This slot could easily read "pick a Kaiju." Both Asiasi and Wheatley will be a year stronger, abler, and meaner; one or both should break out into true stars. Asiasi gets the tentative nod here because he got a majority of Kaiju PT and did very well with it, repeatedly blowing LBs and DBs yards away from where they desired to be. Don't mess with his dad. For real.
If I had a Panda / I'd hammer in the morning / I'd hammer in the evening / but only in the endzone. Impact Fullback Khalid Hill specialized in two-for-one edge blocks, one yard touchdown runs, wide open flare routes, spectacular catches, and self-nicknaming that was so amazing people just ran with it.
IN A BATTLE
Peppers's backup last year, and well-liked by the coaches. But how does Furbush replace a safety? Because that's what Peppers is, a safety. Most Don Brown SAM top out at 215, and Furbush is much bigger than that. Wouldn't be surprised to see him move inside, or reprise his backup role behind a Hudson type.
Anyone's guess who the second outside receiver is. Harris gets a tentative nod as he was repeatedly targeted downfield starting at about midseason. His only catch on those bombs was called back thanks to a fairly weak OPI call, but aside from that it was slick, and promising. People forget that he was an uber-hyped recruit with 2000 yards as a high school junior. Nice hamstring. Good hamstring.
Eases ahead of David Long here thanks to late-season playing time; that may be artifact of opportunity to redshirt Long after a midseason injury. Jourdan Lewis 2.0 is the rep, and he had a couple of PBUs that hinted at his ability. Will be seriously pressed by Long and Ambry Thomas. 27 Tickets needs a bow tie, even a sloppy one.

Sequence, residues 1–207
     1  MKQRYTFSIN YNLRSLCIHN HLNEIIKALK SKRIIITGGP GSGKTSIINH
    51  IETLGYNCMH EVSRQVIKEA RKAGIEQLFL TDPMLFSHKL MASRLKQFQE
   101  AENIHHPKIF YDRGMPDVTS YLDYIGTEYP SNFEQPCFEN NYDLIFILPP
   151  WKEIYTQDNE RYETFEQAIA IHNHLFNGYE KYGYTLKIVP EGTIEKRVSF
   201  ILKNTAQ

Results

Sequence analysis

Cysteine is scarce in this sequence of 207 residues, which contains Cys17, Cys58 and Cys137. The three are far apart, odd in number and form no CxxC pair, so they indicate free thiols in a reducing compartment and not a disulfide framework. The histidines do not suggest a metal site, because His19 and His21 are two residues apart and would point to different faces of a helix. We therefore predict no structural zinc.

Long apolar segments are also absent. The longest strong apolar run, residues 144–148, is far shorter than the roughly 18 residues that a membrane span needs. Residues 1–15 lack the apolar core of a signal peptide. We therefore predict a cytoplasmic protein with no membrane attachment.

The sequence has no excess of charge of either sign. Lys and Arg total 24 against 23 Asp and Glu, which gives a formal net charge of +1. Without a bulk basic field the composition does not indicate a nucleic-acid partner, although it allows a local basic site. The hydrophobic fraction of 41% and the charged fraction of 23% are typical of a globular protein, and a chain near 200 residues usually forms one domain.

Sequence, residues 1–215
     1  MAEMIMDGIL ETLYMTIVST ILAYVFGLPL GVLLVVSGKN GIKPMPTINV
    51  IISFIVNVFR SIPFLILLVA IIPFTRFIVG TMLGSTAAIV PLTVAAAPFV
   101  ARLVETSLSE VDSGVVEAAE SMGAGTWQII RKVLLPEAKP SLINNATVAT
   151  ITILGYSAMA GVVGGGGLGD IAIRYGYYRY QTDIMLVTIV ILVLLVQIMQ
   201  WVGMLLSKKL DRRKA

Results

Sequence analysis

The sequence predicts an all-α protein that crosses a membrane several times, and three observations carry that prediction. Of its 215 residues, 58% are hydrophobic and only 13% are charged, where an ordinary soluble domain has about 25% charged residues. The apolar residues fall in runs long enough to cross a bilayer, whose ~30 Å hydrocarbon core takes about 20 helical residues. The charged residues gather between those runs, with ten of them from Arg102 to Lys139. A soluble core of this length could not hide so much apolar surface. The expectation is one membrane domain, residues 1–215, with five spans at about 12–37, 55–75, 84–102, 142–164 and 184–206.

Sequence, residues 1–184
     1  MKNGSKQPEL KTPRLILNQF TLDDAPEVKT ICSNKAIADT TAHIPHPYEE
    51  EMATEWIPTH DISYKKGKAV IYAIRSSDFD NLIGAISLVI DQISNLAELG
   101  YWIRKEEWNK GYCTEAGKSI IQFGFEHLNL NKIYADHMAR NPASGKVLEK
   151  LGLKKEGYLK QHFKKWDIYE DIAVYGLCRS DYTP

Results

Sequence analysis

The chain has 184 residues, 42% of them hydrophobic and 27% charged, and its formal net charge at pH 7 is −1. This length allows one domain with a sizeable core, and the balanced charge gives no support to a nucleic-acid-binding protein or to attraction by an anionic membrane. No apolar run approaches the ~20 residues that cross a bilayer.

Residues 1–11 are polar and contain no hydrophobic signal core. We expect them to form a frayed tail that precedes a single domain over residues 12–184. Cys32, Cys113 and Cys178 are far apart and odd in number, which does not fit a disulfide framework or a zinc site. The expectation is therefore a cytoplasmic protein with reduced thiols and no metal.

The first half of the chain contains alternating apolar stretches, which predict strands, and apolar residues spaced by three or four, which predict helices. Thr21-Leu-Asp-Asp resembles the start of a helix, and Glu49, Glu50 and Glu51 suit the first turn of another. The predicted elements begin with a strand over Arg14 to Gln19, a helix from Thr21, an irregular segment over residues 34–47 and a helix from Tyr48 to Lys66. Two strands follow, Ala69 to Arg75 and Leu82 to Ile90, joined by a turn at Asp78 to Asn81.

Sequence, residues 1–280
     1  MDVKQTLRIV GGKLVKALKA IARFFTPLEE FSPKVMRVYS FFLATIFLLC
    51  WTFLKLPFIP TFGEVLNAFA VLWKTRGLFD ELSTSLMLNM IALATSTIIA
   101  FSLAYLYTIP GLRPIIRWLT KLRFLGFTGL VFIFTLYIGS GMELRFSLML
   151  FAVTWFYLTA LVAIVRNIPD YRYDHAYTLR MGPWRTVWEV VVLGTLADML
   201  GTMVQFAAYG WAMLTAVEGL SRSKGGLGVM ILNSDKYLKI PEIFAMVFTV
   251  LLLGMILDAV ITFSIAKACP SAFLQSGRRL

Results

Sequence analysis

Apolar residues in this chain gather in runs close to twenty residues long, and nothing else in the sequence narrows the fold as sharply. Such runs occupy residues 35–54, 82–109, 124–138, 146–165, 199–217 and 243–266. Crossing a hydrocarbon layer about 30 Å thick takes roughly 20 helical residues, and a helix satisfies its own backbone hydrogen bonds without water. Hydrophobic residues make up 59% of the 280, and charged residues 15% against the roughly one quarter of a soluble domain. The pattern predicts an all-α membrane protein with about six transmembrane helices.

Watson got more PT than any other non-starting corner after the Clark injury, but he'll be pressed hard to keep that spot. Last year this was Peppers; this year it is a conventional third corner. This could be Metellus, as Brown added Kinnel when he needed an extra guy. This is a real classy section of 27 Tickets, you'll agree.
He's a punter, and he's on the roster. So I guess he'll probably punt, unless someone else does. Nordin a possibility, as he is reputed to have a big leg. Picture at left actually of Jordan Glasgow, because I couldn't leave that out. It's Jordan Glasgow wearing a bear shirt. I mean. Cumong.
Unfortunate OL tradition to list a guy who's not even committed as a starter but the OT depth chart looks like tumbleweeds and Wilson is an immediate impact guy. Dude looks like a 30-year old All Pro. JBB is a possibility but after major struggles in pass pro knocked him out of the lineup I'm not feeling that.